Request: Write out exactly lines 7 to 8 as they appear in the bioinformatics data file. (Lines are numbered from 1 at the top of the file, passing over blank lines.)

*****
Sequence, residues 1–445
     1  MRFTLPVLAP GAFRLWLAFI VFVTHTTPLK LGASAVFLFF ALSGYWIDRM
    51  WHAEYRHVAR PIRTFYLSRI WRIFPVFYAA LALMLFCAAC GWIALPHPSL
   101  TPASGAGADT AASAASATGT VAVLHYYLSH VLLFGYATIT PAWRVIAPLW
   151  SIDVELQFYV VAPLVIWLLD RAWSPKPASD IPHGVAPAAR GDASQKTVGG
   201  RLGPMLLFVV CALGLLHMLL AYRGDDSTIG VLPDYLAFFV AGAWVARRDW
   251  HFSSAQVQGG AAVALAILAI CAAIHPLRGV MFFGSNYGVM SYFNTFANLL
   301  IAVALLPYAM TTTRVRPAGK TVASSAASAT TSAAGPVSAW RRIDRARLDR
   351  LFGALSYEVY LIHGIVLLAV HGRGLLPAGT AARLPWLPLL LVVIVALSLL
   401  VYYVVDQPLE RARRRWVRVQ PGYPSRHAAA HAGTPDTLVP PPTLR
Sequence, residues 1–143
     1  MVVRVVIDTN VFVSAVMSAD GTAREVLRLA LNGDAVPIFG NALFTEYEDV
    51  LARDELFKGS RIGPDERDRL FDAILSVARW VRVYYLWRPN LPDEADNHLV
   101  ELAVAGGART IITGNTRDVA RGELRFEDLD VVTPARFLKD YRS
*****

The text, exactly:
   251  HFSSAQVQGG AAVALAILAI CAAIHPLRGV MFFGSNYGVM SYFNTFANLL
   301  IAVALLPYAM TTTRVRPAGK TVASSAASAT TSAAGPVSAW RRIDRARLDR